This was said in a very brisk tone of voice—it had been quite solemn just before—and in an instant the forest and the whole air, and everything, was quite full of butterflies, every one of which seemed to be the most beautiful kind in the world as long as you were looking at it, and not at another kind. Some, amongst which was the Great Morpho itself, were flying high up above the tops of the great forest trees, as quickly as swallows, almost, whilst others flapped lazily along in the sunny glades, so slowly that it seemed as if they paused at every flap, to show their beautiful wings more plainly. Some of these were of rich gold or orange, some of orange and red, others of blue, purple, scarlet or green, or of soft golden green mixed with deep velvety black. In others, again, all these colours and many more were mingled in various patterns, and there were some that, at first, seemed to have no colours at all, and then, all at once, shot out into many-coloured flashes, like diamonds. There were butterflies who looked of quite a plain white, at one moment, and, the next, glistened like the most beautiful white satin, and others whose wings were quite clear and transparent, like glass, except for one spot in the centre of each of the larger pair, which was of a soft violet shade, like the petal of some very pretty flower. As this was the only part that could be seen, it looked as if a twin pair of flowers—say violets—and not a butterfly at all, were fluttering about in the air.

Besides all these beautiful tropical butterflies, Jack saw some that he recognised at once, such as the peacock and red admiral, and another that he had not seen, and never could see, now, in England, but had often read about, and seen plates of, that was like a flake of red copper, and shone most beautifully as it fluttered along. Another very handsome one, whose under wings ended in a long point, he felt sure was the swallow-tail butterfly, though he had never seen that either. He knew that it was very rare, and likely soon to become extinct in England, but he had never thought, before, of why it was so rare, or felt sorry that he and other people could not see it flying about, as once they used to—only that he could not catch it and kill it, and so make it rarer still. Many of these gorgeous tropical butterflies, too, had wings of much the same shape, whilst in others they first became narrow, at the ends, and then broadened out into a round or oval shape, like a battledore or tennis-racket, so that one might call them racket-tailed, rather than swallow-tailed butterflies. There was often a beautiful, richly-coloured spot where the ends broadened out, and some of these butterflies were amongst the handsomest of all of them.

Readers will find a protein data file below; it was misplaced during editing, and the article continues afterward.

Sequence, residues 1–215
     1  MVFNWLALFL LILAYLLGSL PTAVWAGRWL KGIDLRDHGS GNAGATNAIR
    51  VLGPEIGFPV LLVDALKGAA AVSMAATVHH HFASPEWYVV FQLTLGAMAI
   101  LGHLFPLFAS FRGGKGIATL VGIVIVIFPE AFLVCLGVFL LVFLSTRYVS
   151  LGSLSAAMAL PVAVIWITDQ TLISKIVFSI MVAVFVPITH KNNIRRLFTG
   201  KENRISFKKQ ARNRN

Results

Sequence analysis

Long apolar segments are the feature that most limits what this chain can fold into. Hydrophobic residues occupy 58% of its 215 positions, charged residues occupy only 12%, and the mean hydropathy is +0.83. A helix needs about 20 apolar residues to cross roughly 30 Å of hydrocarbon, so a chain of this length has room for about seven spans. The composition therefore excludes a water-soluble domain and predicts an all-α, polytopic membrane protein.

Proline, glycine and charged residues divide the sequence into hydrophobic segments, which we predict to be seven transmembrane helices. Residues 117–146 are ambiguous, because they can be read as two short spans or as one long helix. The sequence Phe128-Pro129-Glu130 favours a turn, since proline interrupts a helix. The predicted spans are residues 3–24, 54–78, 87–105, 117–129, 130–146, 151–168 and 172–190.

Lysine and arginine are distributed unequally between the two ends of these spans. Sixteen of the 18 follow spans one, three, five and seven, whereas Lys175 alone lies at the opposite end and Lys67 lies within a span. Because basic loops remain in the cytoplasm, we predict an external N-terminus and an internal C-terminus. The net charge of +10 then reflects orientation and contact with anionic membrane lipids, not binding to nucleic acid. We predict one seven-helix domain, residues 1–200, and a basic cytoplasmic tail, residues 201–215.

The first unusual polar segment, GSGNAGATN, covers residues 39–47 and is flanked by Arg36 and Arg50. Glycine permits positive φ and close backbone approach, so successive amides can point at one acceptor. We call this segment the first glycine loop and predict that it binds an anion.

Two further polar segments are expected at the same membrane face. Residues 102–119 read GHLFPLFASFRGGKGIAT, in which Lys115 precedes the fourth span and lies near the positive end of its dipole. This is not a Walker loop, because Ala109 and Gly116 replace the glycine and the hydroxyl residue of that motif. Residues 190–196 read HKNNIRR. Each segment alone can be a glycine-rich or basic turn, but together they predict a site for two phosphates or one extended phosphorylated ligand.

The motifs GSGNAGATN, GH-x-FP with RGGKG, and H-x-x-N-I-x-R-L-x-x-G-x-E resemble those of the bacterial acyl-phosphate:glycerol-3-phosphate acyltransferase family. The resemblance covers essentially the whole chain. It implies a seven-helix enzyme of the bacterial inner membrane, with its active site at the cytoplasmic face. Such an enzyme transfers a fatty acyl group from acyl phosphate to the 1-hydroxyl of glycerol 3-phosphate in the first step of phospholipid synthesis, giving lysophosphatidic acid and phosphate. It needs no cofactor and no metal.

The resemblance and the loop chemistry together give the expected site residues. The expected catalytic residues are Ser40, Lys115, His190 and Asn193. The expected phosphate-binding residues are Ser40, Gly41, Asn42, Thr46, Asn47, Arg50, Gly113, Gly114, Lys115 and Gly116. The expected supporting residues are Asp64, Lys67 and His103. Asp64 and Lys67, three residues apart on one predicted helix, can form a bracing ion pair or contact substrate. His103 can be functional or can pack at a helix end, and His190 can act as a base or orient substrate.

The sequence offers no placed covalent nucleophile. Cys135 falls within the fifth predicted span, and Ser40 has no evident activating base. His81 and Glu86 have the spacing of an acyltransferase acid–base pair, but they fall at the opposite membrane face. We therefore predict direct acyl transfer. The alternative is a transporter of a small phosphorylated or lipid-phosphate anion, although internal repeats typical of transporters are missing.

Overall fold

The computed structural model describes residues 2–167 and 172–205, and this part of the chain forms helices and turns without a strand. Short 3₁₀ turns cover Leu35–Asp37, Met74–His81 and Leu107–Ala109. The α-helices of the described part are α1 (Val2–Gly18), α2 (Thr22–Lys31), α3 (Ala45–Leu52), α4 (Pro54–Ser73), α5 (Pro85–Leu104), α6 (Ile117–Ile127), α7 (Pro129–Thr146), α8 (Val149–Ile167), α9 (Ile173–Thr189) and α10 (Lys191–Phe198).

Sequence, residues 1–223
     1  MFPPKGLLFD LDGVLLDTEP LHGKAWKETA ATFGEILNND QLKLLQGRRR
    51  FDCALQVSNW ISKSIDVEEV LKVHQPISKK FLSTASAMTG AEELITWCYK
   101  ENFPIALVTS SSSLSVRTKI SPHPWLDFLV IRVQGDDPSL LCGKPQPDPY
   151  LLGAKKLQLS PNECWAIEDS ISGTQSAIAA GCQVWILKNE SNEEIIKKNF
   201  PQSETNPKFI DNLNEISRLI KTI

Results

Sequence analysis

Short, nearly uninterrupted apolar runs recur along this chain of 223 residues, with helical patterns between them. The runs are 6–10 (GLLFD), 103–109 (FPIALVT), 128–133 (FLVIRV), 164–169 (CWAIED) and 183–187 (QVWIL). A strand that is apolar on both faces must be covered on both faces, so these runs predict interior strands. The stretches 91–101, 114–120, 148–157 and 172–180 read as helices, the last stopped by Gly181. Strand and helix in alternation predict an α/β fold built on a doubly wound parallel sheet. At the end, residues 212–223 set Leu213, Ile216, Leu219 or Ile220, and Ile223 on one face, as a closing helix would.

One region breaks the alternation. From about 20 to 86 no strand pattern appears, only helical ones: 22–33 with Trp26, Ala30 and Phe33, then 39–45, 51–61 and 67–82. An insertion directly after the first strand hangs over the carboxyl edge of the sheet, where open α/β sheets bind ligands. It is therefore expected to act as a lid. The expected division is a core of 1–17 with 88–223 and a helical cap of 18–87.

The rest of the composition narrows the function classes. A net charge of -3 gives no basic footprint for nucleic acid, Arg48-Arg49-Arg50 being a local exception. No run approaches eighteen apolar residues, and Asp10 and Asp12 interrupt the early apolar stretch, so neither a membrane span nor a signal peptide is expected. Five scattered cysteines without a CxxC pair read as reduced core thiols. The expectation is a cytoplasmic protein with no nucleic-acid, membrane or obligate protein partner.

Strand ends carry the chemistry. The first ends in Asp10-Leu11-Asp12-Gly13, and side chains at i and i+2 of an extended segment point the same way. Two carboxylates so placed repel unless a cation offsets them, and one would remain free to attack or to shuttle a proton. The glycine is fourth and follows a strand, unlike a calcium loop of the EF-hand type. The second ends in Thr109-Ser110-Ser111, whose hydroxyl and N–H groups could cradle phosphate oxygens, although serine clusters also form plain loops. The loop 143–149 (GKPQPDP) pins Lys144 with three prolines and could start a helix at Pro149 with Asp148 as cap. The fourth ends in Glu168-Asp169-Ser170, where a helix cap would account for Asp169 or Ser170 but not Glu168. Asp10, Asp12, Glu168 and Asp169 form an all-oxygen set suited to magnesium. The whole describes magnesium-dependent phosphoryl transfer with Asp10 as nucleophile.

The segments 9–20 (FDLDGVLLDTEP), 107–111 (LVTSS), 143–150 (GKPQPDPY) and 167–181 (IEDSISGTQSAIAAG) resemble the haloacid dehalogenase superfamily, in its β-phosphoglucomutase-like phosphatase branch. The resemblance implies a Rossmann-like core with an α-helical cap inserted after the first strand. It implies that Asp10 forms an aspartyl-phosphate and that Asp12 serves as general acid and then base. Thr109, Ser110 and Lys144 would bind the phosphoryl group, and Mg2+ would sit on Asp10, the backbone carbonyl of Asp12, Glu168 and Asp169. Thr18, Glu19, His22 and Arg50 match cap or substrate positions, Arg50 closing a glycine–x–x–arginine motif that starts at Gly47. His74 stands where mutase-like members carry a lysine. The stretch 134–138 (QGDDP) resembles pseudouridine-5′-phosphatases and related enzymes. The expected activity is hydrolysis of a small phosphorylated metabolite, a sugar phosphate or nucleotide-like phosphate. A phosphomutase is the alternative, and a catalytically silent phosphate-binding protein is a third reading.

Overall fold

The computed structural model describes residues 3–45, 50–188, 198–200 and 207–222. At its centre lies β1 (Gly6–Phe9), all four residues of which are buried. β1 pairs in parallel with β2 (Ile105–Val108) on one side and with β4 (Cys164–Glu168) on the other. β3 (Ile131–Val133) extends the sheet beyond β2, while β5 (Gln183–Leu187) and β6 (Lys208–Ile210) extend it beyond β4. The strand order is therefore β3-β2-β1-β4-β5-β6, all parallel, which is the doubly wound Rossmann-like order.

There was a river running through the forest now—though neither Maggie nor Jack had noticed it before—and such streams of bright-coloured butterflies were flying backwards and forwards over it that it looked as if two living rainbows were passing one another in the air. Some of these butterflies, as they flew across, settled on the shores, or on sandbanks that lay in the water, and every now and then they would all fly up together, in a many-coloured cloud, whilst, higher in the air, amidst the glades and alleys of the forests, hundreds of other ones whirled and twirled about as if they were having a dance.


[Illustration]